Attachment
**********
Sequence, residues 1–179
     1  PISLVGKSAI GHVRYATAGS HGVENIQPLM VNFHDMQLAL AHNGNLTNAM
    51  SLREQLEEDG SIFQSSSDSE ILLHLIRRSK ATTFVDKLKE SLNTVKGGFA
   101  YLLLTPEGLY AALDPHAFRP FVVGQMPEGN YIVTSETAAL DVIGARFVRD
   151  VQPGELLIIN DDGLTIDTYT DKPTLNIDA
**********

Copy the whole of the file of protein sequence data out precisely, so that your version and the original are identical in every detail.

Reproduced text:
Sequence, residues 1–179
     1  PISLVGKSAI GHVRYATAGS HGVENIQPLM VNFHDMQLAL AHNGNLTNAM
    51  SLREQLEEDG SIFQSSSDSE ILLHLIRRSK ATTFVDKLKE SLNTVKGGFA
   101  YLLLTPEGLY AALDPHAFRP FVVGQMPEGN YIVTSETAAL DVIGARFVRD
   151  VQPGELLIIN DDGLTIDTYT DKPTLNIDA